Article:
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Students and Housing Cooperatives

Student Housing Co-ops

Student housing cooperatives have become very popular in the USA and many of these housing co-operatives are members of organizations such as NASCO. Unlike a resident who acquires shares at market rates to earn the right to occupy a specific apartment on a permanent basis (share capital co-op model), a resident of a student co-op acquires membership and occupancy rights by paying subscription fees or by paying rent (non-share capital co-op model).

In the case of student housing co-operatives, members typically share a house and are communally responsible for its associated housekeeping duties. Student-owned and -operated housing co-operatives were formed primarily for economic reasons to provide low-cost housing to university students. Secondarily, they generally provide experience in self-governance and social cooperation.

The earliest examples began in the Depression years. Two of the first on record were founded in 1932, Michigan Socialist House at the University of Michigan in Ann Arbor, Michigan and Collegiate Living Organization (University of Florida) in Gainesville, Florida. Examples of such cooperatives are the Oberlin Student Cooperative Association at Oberlin College, University Students’ Cooperative Association in Berkeley, California, Santa Cruz Student Housing Co-ops in Santa Cruz, California, Qumbya in Chicago, Illinois, University of Minnesota Students Co-op in Minneapolis, Minnesota, Student Housing Cooperative at Michigan State University, Inter-Cooperative Council at the University of Michigan, Brown Association for Cooperative Housing in Providence, Rhode Island and Two Dickinson Street Co-op in Princeton, New Jersey.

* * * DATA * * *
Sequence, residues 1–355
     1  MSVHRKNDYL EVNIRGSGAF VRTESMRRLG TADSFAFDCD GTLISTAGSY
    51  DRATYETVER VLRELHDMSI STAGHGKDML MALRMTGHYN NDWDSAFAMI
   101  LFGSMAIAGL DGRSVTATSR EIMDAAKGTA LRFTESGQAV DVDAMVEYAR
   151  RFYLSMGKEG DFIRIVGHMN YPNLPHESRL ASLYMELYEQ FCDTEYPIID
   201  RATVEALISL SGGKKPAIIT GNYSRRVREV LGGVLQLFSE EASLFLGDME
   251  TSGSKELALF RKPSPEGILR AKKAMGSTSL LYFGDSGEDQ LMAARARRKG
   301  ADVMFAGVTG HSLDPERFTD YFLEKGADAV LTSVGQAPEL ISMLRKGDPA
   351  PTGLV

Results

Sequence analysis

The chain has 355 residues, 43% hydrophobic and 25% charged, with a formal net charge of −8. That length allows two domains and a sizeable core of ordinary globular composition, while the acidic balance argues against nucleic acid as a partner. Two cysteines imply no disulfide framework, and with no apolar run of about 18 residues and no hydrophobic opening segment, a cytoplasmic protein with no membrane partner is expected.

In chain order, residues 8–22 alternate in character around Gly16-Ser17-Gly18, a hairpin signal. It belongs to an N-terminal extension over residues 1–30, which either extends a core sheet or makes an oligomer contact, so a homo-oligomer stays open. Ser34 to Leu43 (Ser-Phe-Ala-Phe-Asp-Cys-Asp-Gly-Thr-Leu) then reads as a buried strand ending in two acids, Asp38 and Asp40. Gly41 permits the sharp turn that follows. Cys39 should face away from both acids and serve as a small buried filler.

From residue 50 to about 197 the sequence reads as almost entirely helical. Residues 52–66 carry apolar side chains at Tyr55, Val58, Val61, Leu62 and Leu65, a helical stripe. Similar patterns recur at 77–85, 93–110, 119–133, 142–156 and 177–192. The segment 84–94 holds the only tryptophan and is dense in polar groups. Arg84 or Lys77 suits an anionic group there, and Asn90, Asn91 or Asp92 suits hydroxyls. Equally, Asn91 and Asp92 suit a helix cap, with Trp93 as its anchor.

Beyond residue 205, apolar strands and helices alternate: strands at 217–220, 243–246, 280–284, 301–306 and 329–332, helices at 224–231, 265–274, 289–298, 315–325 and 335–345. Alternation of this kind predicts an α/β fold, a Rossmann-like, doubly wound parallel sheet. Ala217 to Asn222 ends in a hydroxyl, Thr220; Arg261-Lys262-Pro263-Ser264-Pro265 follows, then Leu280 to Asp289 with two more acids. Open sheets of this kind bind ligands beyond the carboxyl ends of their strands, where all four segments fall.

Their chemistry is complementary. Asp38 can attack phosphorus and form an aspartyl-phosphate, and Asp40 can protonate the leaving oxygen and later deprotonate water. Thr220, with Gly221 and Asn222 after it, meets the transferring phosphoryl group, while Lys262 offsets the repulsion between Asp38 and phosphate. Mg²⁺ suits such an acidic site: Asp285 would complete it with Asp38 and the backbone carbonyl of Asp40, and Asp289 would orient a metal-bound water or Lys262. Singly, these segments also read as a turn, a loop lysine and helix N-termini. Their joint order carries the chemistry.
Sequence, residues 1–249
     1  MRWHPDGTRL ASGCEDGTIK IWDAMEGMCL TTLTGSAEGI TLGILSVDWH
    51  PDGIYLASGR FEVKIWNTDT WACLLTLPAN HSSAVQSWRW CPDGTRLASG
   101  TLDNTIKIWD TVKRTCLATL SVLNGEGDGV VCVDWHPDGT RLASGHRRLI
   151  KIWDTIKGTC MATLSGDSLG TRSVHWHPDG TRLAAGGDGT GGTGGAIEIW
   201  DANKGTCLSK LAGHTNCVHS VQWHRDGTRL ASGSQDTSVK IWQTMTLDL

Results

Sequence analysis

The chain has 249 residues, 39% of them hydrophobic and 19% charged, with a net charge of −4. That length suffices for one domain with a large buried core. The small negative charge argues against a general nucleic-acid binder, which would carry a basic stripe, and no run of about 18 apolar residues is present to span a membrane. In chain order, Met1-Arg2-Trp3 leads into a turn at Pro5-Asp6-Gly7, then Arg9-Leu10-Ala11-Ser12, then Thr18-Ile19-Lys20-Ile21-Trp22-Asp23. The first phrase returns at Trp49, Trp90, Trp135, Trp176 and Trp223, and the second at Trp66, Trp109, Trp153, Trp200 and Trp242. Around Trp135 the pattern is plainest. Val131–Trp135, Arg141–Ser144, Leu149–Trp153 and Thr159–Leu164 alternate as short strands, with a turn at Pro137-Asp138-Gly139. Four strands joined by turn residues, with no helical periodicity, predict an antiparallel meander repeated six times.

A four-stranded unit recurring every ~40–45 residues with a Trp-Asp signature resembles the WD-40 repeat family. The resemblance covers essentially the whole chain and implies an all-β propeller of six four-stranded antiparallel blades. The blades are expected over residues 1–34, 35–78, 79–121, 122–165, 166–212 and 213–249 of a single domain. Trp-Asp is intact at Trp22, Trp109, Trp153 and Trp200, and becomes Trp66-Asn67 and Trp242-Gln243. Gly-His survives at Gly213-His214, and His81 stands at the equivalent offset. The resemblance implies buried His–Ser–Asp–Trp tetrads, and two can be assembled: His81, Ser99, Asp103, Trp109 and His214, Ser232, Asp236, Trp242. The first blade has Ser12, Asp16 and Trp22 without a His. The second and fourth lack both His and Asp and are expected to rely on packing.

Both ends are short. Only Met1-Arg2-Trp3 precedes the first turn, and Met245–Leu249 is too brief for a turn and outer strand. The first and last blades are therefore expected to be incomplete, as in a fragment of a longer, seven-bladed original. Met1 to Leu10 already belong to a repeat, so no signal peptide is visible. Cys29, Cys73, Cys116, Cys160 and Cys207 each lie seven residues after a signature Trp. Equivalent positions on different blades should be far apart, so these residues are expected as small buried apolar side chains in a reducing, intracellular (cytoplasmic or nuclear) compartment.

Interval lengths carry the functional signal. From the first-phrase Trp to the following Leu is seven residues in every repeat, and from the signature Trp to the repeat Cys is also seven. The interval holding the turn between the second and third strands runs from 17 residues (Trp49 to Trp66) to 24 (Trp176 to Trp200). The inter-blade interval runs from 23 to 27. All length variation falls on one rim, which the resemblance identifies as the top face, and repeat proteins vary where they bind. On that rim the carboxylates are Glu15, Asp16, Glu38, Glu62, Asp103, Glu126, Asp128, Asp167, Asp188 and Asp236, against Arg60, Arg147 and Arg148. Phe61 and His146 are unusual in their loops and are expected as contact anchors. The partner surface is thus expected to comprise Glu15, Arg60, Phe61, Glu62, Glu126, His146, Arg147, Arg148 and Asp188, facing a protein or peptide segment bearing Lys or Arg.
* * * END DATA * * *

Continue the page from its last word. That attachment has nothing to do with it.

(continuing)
Although student housing cooperatives are relatively isolated to North America, there are some in Australia, for example STUCCO in Sydney. Since many are small cooperatives verifying their existence is not easy.

This guide outlines the main steps to starting a co-operative. It is written for students, with blogs by students who have done it, alongside, films, links and case studies.

In the UK, Students for Co-operation have produced a Feasibility Study into setting up a National Body of Student Housing Co-operatives  as a secondary co-operative made up of student housing co-ops themselves.  You can read the report here.

If you have any information about student housing cooperatives not mentioned please contact us.

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